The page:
Finally, I have undertaken an additional development task, producing globally applicable, degree wide videos regarding game design and implementation. These videos tackle not just technical Unity/C# topics, but project management and development life-cycle skills as well. It also affords me the opportunity to discuss certain topics which I consider to be very important game design skills and knowledge that are either taught degree wide or not necessarily covered at all during study at QUT. Some of these videos have been an absolute pleasure to make, especially ones where I can communicate some of the more nuanced aspects of game design. I hope to expand on this library, discussing source control, advanced game mechanics and scripting as well as more exploratory topics regarding modern day games.

Overall I have been rather enjoying my teaching run at QUT and hope I am kept on board to continue my work. I still have so much to do and many improvements to make regarding the evolution of my pedagogy.

Tuesday, August 8, 2017

None Shall Pass!

Season 11 in Diablo 3 has been an interesting one, bringing back many friends far and wide to witness the debut season for the 'new' Necromancer class. Having briefly tried the Necromancer pre-season and getting to GR80, I realised that, while the class is certainly enjoyable, the lack of gearing options severely dampens my interest in the class at endgame. Hopefully it is something that is addressed in the future.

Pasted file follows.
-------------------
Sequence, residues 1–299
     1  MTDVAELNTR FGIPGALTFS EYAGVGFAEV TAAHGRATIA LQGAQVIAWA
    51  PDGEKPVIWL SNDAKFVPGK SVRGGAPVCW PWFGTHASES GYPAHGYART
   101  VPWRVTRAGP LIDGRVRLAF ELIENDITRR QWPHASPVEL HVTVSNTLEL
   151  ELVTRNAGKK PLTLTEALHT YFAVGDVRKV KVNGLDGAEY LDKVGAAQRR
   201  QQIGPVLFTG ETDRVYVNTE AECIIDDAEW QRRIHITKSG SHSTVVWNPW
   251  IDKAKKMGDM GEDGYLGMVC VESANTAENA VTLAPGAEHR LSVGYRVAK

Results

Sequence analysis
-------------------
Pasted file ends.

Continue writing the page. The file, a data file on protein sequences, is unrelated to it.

Besides this, I have been rocking a Crusader this season, jumping back on the horse to figure out a comfortable playstyle, something I never did in the past. While I originally intended to gear towards running a thorns (i.e. damage reflect) build, I found that gearing for Roland's was quite akin to the old Hammer of the Ancients playstyle I became fond of playing as a Barbarian. As Barbarians have truly been left by the wayside for the last 4-5 seasons in favour of classes that, quite literally, are 10x more effective, jumping ship to a slightly better class employing a similar play philosophy has been advantageous. A lot of the 'tech' and realizations I made playing a Barbarian still work relatively well for a Crusader.

While a Crusader is certainly more cooldown/active defense dependant, similar passives and skills exist that give you strong defensive and, more importantly, sustain options, much like the Barbarian. I have started dubbing this playstyle "fish-tanking", simply because it attempts to maintain an adequate balance between the dimensions of your damage x mitigation x sustain fish-tank. If the dimensions of said fish-tank are inversely proportioned to the scaling of the other dimensions, then the sensible route is to maintain a balance between them to optimize your fish tank's volume. This concept certainly exists in a game like Diablo 3: stacking one type of stat reduces the capacity to stack another.